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Explore the relationship between Ruth and Lenny as this dialogue unfolds

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Explore the relationship between Ruth and Lenny as this dialogue unfolds The scene starts when Ruth comes through the front door and sees Lenny standing there still. On page 42 Lenny first speaks by saying "good evening," and after Ruth corrects him. I feel that Ruth is mocking Lenny's intelligence by correcting, and especially at this point as it is their first encounter. I think that Lenny's response with "you're right there" shows that he is obliged to agree. To all the questions that Lenny suggests, Ruth gives short and quick answers, she is trying to show Lenny by that she is not interested in what he has to say, I feel that Ruth is trying to dismiss Lenny. When Ruth puts on her coat collar, I sense that she is constructing a barrier between herself and Lenny, trying to separate herself and distinguishing her territory. By Ruth not doing much talking, I feel she is not interested. ...read more.


Lenny uses a metaphor to describe the sound of everyday objects during the day; I sense he is trying to rise intellectually after failing to get into a conversation with Ruth. Again Lenny has another go at trying to find out information, I feel that he doesn't understand how his brother could be somewhat successful in the sense that he has a wife, family and a good job and in America. By Lenny asking if Ruth lives with Teddy in America, it shows that he is refusing to acknowledge Ruth as a part of the family. The atmosphere throughout this meeting seems slightly awkward; I feel that Ruth is uncomfortable with Lenny being there in that way but she doesn't show it physically. When later Lenny tells Ruth about his stumble upon a 'prostitute' I sense that he is trying to impress Ruth that he is in control, and that he can do whatever he wants how he wants. ...read more.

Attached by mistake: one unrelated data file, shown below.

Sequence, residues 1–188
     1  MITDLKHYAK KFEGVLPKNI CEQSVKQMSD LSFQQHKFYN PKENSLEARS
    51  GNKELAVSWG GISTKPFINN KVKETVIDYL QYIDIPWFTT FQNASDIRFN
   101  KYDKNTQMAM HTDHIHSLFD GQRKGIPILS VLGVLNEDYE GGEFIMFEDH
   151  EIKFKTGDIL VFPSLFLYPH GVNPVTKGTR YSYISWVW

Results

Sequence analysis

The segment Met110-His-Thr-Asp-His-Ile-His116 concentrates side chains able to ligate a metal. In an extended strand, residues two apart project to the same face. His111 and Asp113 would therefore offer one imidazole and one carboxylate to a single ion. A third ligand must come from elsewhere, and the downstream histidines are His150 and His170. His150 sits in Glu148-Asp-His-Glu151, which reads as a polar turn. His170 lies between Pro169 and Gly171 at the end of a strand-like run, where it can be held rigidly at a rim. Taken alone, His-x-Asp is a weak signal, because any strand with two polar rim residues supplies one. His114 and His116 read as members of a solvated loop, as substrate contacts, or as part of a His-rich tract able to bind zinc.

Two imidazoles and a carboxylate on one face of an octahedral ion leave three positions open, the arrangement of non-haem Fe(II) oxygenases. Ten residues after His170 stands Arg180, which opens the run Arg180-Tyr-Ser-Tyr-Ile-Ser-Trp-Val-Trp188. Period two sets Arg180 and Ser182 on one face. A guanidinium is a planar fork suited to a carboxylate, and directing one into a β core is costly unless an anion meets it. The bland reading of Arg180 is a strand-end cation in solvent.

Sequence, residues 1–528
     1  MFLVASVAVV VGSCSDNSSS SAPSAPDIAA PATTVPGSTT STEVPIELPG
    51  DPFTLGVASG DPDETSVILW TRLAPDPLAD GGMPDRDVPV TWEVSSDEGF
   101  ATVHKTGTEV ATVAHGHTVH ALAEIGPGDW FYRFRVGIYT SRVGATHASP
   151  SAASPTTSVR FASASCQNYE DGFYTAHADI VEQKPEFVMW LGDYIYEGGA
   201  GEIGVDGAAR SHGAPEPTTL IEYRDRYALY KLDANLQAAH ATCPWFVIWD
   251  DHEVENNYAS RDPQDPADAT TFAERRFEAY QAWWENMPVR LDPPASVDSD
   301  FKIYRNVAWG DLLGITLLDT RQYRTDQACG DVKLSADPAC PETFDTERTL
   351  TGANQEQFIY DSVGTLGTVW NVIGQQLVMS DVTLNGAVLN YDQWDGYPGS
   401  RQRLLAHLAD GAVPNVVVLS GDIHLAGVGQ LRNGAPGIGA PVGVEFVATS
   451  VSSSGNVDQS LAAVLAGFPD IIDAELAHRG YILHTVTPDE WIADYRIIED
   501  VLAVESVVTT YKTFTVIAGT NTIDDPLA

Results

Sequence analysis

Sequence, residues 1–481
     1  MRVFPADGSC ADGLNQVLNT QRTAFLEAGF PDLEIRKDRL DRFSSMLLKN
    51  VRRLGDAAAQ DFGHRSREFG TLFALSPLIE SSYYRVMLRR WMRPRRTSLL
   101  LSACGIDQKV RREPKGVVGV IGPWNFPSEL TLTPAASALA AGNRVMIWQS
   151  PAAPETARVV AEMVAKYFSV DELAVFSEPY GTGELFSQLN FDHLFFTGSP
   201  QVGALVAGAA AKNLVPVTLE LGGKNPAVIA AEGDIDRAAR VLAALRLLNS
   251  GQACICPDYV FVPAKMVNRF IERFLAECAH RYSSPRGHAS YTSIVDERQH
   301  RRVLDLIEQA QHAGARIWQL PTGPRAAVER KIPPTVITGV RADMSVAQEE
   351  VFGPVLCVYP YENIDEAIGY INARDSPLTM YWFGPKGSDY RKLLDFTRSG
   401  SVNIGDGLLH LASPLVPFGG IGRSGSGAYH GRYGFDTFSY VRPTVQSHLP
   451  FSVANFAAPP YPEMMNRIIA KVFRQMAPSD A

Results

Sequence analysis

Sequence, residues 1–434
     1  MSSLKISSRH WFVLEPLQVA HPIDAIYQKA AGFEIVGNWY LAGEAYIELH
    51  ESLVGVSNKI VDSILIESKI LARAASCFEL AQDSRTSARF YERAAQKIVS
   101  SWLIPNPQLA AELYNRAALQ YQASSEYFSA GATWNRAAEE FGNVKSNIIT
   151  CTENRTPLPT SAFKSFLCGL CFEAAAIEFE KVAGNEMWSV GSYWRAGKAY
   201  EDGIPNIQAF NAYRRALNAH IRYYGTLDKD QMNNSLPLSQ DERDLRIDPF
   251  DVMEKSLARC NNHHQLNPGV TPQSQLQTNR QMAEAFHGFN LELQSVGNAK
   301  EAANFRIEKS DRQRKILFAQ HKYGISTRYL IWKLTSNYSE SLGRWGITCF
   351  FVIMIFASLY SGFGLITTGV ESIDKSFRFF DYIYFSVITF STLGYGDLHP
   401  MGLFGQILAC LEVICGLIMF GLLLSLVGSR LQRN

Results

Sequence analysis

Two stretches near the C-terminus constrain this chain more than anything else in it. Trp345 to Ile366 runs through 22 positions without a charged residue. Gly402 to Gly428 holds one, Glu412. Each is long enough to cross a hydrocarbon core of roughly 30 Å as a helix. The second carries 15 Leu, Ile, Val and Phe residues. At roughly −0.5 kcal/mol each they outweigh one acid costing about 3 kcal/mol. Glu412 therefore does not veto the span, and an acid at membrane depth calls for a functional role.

On page 51, Ruth has another go at mocking Lenny but by going for a more personal approach by reminding him of his mother, he becomes quite angry and demanding. On page 53, I feel that there is role reversal, because as before Lenny describes how in the situation with the prostitute he had the upper hand and was more dominant, it all turns against him because now Ruth has the upper hand, telling him what to do like a mother telling her child. Ruth becomes more seductive, "Lie on the floor. Go on. I'll pour it down your throat," here I feel she is mocking him with her feminism, she is toying with his mind. I feel that Ruth is trying to gain sexual control over Lenny. I that Lenny starts to actually fall for it all, buts its part of Ruth's games she wants him or trying to make him feel intimidated by mocking him on his territory. I think that Ruth succeeds in doing that and makes a dramatic exit on page 53 by smiling and walking of leaving Lenny confused. Saba Khan 12L ...read more.

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